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Do you know the priority filing date of the FAFSA for YOUR college?

The FAFSA is the very first step in getting more financial aid for college!

FAFSA - Just Do It!

Do you know your college’s FAFSA priority filing date?

It’s FAFSA time!

The Free Application for Federal Student Aid form is now available on the Fafsa.ed.gov website. High school seniors to college grad students ALL need to fill out and submit this important financial aid form. The dilemma comes when there are so many different due dates to keep in mind:

  • Federal FAFSA due dates
  • State FAFSA due dates
  • Individual college FAFSA due dates
  • Federal IRS taxes due date

So many due dates, but WHEN is the best time to file the FAFSA? College Parenting Expert, Wendy David-Gaines, spells out exactly what parents and students need to do in order to NOT miss any important FAFSA due dates in her latest article. I cannot stress enough the importance of meeting each deadline and filing the FAFSA as early as possible.

For college scholarships, filing the form is also critical, as many organizations offering scholarship money want to know if and when a FAFSA was filed by their applicants. Read Wendy’s article and get that FASFA filed!



[NOTE:  This is an outdated post. The FAFSA now usually opens in October, but for 2023 it will open in Mid-December.]

Those looking for help to pay for college but haven’t completed their tax returns and FAFSA face a deadline dilemma because many financial aid programs award qualifying early filers first. When the money runs out, there may be none left for otherwise qualified later applicants. Conflicting deadlines and lack of information can seem to conspire against FAFSA filers who haven’t submitted their tax forms. There is only one way to beat this problem.

The Federal Department of Education released the FAFSA (Free Application for Federal Student Aid) for the 2015-16 school year, its application to file for financial aid, January 1 and it requires tax information. However, the federal IRS tax forms aren’t due until April 15 and colleges set their own FAFSA due dates. It may be weeks after the beginning of the new year before employees and investors receive tax documents containing info necessary to calculate taxes. If the college-bound and their parents wait too long to file the FAFSA, they may miss January, February, or March college deadlines and a chance to get their share of aid awarded to the early birds first.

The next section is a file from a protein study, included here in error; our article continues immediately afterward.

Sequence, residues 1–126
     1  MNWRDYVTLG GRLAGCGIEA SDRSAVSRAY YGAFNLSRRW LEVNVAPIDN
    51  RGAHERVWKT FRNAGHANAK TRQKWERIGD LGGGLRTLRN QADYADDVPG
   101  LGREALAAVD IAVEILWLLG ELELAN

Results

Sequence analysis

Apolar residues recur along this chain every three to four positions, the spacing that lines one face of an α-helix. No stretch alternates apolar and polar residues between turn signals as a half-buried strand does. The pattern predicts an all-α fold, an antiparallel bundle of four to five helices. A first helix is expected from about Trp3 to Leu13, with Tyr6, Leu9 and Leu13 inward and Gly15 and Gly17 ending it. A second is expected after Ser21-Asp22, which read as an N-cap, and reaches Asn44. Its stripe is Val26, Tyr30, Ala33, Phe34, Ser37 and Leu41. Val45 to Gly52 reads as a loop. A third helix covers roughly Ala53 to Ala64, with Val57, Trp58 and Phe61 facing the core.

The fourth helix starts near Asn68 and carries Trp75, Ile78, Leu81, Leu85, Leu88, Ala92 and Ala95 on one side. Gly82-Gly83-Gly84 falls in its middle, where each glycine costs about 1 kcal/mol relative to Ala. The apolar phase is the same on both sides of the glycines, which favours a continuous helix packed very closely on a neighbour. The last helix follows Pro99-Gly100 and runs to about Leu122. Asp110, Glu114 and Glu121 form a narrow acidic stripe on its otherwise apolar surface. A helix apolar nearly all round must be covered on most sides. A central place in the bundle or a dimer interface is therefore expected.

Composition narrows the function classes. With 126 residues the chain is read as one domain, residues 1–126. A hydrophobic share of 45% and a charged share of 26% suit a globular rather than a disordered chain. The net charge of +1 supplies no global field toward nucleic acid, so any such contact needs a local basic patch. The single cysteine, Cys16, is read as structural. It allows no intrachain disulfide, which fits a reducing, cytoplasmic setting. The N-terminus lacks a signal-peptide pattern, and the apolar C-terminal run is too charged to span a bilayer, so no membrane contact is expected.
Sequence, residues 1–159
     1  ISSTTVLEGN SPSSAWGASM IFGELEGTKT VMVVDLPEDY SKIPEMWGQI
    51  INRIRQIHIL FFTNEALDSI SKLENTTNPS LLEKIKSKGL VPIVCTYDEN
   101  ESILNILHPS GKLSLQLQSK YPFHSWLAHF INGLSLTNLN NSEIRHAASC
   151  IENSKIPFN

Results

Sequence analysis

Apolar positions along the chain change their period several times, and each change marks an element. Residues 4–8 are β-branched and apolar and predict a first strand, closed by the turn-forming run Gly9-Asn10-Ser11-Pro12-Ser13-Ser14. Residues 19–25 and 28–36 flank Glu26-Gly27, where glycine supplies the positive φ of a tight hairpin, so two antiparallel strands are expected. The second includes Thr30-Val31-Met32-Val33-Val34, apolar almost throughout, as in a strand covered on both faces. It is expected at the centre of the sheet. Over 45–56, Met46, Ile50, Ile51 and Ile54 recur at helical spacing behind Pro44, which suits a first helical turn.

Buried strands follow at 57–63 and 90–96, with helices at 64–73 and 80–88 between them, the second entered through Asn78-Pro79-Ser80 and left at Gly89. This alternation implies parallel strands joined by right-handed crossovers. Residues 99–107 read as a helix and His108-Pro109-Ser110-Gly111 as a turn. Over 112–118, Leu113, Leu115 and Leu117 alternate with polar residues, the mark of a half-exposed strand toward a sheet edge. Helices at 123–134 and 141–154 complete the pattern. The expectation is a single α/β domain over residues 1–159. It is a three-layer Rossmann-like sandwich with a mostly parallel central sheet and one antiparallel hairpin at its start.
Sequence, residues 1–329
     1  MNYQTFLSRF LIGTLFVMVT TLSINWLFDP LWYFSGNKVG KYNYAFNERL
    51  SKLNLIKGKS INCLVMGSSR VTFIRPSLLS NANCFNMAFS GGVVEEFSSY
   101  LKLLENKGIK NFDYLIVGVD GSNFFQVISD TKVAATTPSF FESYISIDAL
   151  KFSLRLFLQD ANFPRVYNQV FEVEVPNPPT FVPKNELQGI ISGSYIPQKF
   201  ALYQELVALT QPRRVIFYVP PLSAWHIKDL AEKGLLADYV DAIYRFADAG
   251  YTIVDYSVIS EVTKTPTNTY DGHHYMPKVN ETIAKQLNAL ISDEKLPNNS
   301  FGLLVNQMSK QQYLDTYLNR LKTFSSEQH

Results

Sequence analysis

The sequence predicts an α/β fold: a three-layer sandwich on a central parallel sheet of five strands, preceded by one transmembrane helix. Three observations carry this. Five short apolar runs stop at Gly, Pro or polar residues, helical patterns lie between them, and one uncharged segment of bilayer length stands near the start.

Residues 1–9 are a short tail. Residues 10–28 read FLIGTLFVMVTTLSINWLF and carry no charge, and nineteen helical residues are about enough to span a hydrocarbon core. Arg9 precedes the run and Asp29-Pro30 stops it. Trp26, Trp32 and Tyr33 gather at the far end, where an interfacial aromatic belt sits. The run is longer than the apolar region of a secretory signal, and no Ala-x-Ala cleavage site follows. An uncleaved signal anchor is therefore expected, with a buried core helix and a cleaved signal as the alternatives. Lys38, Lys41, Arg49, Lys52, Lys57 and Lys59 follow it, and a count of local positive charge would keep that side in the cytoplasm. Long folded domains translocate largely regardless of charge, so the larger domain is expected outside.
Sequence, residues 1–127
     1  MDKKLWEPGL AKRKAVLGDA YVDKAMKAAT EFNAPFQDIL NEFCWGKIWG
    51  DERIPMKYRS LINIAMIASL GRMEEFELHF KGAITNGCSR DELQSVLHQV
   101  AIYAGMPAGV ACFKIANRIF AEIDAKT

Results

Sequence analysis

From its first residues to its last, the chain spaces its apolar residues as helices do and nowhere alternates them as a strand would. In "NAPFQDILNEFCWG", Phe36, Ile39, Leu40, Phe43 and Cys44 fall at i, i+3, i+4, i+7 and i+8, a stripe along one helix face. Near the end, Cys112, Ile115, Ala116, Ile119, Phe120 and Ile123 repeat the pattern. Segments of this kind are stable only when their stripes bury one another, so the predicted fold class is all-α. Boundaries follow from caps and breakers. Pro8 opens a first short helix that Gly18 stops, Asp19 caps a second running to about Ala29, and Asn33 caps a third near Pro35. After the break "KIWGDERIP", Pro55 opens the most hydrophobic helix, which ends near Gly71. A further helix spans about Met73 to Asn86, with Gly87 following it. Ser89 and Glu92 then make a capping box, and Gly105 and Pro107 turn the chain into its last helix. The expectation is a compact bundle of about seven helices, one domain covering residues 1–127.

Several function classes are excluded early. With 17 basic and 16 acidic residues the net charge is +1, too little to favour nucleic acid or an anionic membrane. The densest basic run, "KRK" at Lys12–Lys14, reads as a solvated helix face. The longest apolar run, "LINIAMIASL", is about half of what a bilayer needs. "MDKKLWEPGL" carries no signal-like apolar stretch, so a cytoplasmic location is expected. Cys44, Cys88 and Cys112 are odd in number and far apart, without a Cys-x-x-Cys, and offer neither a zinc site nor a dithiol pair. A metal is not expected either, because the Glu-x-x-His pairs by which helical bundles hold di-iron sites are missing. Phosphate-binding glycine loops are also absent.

The FAFSA is the only form the federal government wants to determine student eligibility for free money grants, loans that must be paid back, and an earned paycheck from the federal Work/Study program. It is also the prerequisite to file for state aid programs. Many outside scholarships and colleges want to review the FAFSA before making an award from their own funds.

The only way to beat the FAFSA deadline dilemma is to estimate. Questions on the FAFSA even ask whether or not the applicant has filed, will file, or is not going to file tax returns. If 2014 income is about the same as the previous year, estimate based on 2013 numbers. When income has changed drastically since last year’s tax return, use the “Income Estimator” on the FAFSA page that asks for income information. The Income Estimator will help estimate adjusted gross income (AGI).

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After taxes are filed, be prepared to log back into the FAFSA and correct any estimated information that was wrong. Also, switch the answer from “will file” to “filed” tax returns. Make “Don’t wait, estimate” a FAFSA mantra to beat the FAFSA deadline dilemma.

Students and their parents who are looking for college scholarship money can easily get overwhelmed. I know, I’ve been there! Learn the step-by-step method that I developed to help my son go to college and graduate 100% debt-free here >>

FAFSA Free Application for Federal Student Aid

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